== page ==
Miamisburg mayor receives Dave Hobson award

Miamisburg Mayor Richard Church Jr. received the Dayton Development Coalition’s “Dave Hobson Dayton Region Advocate Award” Thursday in Washington, D.C.

“With an ambitious vision for his hometown and an ability to build consensus, Mayor Richard Church has helped his community grow and evolve while successfully tackling major economic challenges,” Jeff Hoagland, coalition president and chief executive, said in an announcement. “He leaves an incredible legacy for Miamisburg, creating a vision of economic opportunity that reaches far beyond the Mound.”

The award, named after former U.S. Rep. Dave Hobson of Springfield, honors regional leaders for advocacy on behalf of the Dayton area.

This award was presented at the coalition’s annual community “Fly-In” event to Washington, D.C.

Past recipients have included Montgomery County Commissioner Debbie Lieberman, Barbara Mills, Derek Porter, Scott Sullivan, Gen. Lester Lyles, Gen. Tom Owen and J.P. Nauseef, who now leads JobsOhio, the state’s private development corporation.

When Church first became mayor-elect of Miamisburg in late 1991, the U.S. Department of Energy informed the city that its largest employer would soon close.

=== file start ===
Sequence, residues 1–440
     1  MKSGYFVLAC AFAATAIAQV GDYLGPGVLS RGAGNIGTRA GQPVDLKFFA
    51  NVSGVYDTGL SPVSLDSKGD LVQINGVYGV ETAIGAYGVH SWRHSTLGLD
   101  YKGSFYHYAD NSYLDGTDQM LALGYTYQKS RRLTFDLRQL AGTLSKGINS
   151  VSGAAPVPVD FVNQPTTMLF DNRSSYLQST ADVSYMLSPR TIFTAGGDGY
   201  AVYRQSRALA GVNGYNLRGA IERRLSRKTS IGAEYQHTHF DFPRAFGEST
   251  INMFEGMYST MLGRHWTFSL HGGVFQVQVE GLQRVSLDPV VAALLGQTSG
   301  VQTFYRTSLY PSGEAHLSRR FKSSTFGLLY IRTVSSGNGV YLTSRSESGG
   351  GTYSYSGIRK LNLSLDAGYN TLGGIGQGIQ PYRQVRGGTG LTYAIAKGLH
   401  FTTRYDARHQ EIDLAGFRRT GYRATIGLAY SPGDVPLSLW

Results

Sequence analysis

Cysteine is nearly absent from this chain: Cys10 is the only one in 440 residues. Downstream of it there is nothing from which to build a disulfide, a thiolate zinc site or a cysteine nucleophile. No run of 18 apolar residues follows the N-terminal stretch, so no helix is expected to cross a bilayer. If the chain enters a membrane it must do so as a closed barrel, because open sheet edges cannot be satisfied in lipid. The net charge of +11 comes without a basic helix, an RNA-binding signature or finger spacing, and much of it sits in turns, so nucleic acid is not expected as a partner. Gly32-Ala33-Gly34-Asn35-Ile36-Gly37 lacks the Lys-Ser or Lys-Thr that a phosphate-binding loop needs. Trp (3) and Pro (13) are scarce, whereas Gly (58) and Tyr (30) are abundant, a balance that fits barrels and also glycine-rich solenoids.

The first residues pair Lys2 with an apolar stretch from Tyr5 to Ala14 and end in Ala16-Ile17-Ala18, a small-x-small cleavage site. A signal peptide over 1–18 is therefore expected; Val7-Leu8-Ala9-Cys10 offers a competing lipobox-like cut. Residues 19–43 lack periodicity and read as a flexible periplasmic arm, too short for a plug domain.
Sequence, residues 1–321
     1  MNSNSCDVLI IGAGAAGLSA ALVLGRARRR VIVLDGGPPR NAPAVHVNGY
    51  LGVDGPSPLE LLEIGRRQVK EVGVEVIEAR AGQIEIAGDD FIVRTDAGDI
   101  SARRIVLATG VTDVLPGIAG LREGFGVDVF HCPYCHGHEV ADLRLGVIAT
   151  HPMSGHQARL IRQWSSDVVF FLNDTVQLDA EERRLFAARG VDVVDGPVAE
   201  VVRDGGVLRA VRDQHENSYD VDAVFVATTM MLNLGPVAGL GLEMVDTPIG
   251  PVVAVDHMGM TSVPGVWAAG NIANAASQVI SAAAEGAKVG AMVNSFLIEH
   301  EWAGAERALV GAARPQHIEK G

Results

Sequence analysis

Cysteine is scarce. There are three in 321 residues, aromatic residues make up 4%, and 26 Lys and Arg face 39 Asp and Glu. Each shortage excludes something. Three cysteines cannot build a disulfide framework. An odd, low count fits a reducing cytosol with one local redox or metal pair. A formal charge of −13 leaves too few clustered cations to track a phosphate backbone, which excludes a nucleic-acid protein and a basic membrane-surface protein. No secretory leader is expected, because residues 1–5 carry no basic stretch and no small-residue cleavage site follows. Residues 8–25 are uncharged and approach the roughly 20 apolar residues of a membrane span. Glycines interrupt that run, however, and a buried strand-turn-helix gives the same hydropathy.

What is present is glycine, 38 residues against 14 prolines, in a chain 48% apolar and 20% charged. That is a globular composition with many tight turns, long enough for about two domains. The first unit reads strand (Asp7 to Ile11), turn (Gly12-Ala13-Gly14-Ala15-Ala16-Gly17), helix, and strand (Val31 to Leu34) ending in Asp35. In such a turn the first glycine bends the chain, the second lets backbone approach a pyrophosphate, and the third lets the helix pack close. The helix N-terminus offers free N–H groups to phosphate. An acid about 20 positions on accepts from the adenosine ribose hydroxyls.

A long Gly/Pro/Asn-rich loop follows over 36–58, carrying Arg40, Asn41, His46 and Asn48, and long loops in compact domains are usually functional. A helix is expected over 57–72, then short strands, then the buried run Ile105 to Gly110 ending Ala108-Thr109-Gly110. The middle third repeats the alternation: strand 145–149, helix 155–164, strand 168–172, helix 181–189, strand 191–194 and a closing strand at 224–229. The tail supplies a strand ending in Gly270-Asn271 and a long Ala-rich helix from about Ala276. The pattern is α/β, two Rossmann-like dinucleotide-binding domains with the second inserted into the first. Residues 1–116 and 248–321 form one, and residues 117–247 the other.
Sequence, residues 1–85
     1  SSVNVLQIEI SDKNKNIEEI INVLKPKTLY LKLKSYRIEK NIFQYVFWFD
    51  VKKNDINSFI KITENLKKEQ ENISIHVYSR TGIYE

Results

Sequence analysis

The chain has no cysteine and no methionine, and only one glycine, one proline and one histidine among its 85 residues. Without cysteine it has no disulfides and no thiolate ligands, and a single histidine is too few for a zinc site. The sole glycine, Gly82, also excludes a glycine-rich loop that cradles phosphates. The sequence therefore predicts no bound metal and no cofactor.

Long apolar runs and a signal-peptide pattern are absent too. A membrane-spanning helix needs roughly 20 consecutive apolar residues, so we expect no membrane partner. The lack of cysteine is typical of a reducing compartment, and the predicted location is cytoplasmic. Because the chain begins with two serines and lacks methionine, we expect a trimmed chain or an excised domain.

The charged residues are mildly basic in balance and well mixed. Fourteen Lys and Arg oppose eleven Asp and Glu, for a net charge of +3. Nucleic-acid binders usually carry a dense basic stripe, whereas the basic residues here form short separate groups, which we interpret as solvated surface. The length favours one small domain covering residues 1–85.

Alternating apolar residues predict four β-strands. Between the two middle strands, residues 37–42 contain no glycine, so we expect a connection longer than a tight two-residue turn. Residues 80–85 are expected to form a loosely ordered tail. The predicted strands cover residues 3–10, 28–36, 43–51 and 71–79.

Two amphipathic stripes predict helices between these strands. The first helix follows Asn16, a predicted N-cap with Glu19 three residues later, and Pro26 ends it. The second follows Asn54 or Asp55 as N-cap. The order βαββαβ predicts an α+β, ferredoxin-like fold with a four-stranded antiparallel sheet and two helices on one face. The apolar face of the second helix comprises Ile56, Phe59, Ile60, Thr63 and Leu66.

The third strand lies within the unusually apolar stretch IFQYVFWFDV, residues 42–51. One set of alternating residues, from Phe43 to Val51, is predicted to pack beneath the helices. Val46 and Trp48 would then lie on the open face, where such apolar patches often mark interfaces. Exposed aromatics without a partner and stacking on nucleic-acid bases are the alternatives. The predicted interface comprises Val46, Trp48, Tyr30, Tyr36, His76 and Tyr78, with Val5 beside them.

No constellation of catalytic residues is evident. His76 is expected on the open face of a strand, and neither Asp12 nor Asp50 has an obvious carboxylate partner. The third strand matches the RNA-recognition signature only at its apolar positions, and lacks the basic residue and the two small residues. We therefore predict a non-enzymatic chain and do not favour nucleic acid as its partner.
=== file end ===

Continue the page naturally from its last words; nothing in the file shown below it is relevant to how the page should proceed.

“That’s how I came into office,” Church said in a city public affairs cable television program in 2018.

More than 26 years later, Church believes the Mound, operating today as a business park, is in a good place.“I’m very pleased with how everything is falling into place,” he told the Dayton Daily News last year.

Church in the early 1990s created a coalition of elected officials and leaders to lobby the Department of Energy to take responsibility for what it had left behind, the coalition noted.

“Over 15 years and a collective $1.1 billion in environmental cleanup later, the site was redeveloped through a new community development corporation and now houses 16 businesses with 355 employees,” the coalition said. “Mayor Church’s persistence in helping create a new strategy for the Mound site has allowed it to once again become a major economic asset to the city.”

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